 The functional program was determined to be a critical aspect of
planning and designing health care and residential facilities and was
mandated for inclusion in the 2014 Guidelines documents.
Requirements were streamlined by moving substantial material into
the appendix.
A requirement for an executive summary of key elements was
more than 400 references to the functional program in the body of
the text were eliminated, and more appropriate language added.
Changes Part 1:
 Safety Risk Assessment
An overarching risk identification process, with multiple considerations.
Intended to identify hazards & risks and mitigate underlying conditions of the
environment that contribute to adverse safety events, including infections, falls,
medication errors, immobility-related outcomes, security breaches, and
musculoskeletal or other injuries.
The goal of the SRA is to integrate all considerations for a safe environment by
coordinating conflicting or overlapping recommendations, identify vulnerabilities,
identify features that contribute to risk and mitigate or eliminate facility risks.
Although some components of the SRA are new (falls, security, medication safety,
and immobility), it also incorporates language from prior editions of the Guidelines
about infection control, patient handling, and psychiatric injury.
The Center for Health Design is creating an online tool to support the SRA in the
2014 Guidelines.
Changes Part 1:
 Commissioning
Requirements were added for developing the owner’s project
requirements, preparing a commissioning plan, and developing
commissioning specifications and construction checklists.
The types of systems to be commissioned now include domestic hot
water, fire alarm and fire protection, essential electrical power systems,
HVAC systems and automatic temperature controls.
Changes Part 2: General
 New Appendix language on design elements to enhance opportunities for
patient ambulation and mobility
 A requirement to place components of electronic health records systems on
an uninterruptible power supply
 Cooling for technology equipment rooms must be on emergency power
 New children’s hospital chapter addressing the special needs of acute
pediatric care
 New language on family zone support features
 Clarification of requirements for the critical care patient toilet room
 Added a requirement for built-in mechanical lifts in all newly constructed
bariatric nursing unit rooms (10 percent of the rooms in renovation projects)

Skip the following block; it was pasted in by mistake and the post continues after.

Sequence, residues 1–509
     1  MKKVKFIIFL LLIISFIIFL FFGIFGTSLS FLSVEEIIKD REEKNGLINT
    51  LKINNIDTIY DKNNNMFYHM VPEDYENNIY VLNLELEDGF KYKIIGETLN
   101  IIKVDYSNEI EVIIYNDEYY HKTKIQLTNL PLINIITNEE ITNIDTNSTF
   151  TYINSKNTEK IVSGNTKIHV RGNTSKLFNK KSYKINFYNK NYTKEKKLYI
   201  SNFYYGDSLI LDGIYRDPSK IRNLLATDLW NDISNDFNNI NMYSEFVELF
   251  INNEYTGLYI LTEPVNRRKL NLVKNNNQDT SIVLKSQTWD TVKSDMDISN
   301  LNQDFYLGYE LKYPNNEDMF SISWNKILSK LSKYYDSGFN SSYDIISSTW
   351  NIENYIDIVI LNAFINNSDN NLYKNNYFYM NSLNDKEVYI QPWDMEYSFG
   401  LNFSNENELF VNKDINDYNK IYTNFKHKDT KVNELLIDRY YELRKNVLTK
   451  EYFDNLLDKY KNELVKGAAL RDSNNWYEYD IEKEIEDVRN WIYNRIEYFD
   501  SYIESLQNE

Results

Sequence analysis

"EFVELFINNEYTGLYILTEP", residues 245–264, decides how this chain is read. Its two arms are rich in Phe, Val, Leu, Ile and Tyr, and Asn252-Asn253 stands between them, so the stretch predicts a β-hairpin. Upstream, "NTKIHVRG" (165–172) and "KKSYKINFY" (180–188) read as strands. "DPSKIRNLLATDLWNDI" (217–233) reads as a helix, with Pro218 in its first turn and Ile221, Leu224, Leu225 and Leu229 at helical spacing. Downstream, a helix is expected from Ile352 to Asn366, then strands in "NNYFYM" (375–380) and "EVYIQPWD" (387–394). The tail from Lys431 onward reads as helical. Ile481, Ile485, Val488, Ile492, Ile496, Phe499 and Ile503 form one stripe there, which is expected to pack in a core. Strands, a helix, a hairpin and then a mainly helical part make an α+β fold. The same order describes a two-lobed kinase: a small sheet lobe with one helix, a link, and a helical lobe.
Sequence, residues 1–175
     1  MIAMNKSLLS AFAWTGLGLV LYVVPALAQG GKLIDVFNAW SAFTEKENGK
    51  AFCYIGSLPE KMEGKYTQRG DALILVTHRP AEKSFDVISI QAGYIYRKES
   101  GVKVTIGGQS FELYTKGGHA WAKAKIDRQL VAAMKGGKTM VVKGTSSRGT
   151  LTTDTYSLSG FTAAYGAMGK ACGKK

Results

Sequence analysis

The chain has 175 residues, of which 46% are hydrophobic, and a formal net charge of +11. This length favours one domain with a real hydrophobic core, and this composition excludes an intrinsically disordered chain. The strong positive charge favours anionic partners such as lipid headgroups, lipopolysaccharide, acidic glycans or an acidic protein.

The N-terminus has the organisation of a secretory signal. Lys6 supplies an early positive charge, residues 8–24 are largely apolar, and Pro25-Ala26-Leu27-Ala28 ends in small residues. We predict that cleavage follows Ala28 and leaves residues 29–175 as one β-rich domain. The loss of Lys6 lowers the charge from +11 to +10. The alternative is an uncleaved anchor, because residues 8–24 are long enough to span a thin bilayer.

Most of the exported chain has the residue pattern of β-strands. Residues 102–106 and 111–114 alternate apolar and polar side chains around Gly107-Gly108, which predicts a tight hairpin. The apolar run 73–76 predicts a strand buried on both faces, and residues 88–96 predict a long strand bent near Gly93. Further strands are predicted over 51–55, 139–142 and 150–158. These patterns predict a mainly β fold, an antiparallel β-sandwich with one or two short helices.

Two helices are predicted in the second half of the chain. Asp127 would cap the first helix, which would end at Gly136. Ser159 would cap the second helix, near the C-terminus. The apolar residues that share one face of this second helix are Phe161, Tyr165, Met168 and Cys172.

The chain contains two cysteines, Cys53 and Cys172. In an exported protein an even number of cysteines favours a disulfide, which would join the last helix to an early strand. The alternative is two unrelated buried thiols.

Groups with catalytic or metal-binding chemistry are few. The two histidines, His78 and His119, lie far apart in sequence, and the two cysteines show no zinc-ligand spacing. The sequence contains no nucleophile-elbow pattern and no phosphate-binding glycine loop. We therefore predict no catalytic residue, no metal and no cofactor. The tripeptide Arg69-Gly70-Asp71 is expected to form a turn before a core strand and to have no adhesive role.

 New requirements and appendix language for hybrid operating rooms
 Revisions and additions to the imaging services section (e.g., MRI, gamma
camera, PET, proton therapy)
 Unsealed (open) water features are no longer permitted inside
a hospital or a licensed outpatient health care occupancy
Changes Part 2: Surgical Suite
 The surgical suite now defined as two designated areas: semi-restricted and
 No requirement for a sub-sterile room between every two operating rooms
 Revised facility requirements for sterilization processes conducted in the
surgical suite
 A minimum of 1.5 PACU stations per operating room (previously APFP)
 Pre- and post-op space and clearance requirements modified for consistency
 The new requirements state only that a staff changing area and lounge must
be provided, which allows these functions to be shared with another
Changes Part 3: Outpatient Facilities
 The most significant change in outpatient facility requirements is the revision to
requirements for operating rooms and support areas in surgical facilities.
 New definitions have been provided in the glossary for invasive procedures,
procedure room, and the semi-restricted and restricted areas.
 The distinction between an operating room and a procedure room in the
ambulatory surgery setting has been defined.
 The outdated Class A–C levels based on anesthesia use have been deleted.
 The minimum size for an ambulatory OR was set at 250 square feet, and
recommendations for ORs that may need to be larger are included in the
 The former Class A operating room is now termed a procedure room.
 The cancer treatment area size and configuration requirements were modified
 A new chapter on dental facilities was added
 FGI continues to work with ASHRAE and ASHE
to revise and update this standard.
 FGI members are included in the 170 committee
 ASHRAE 170 is under a continuous maintenance
process, which permits official changes to be made
over the life cycle of the document.
 The 2013 edition of ASHRAE 170, with all addenda
approved through November 2013, has been
incorporated as Part 4 of this edition of the FGI Guidelines.
 At Table 6.4 the MERV efficiency of 17 was deleted for PE rooms
 At Table7.1 design relative humidity in surgical suites was revised to reflect
NFPA 99 at a range of 20 - 60
To help users of the FGI Guidelines learn more about this
edition of the standard, the Facility Guidelines Institute is
producing a series of articles on major changes and new
material in the 2014 edition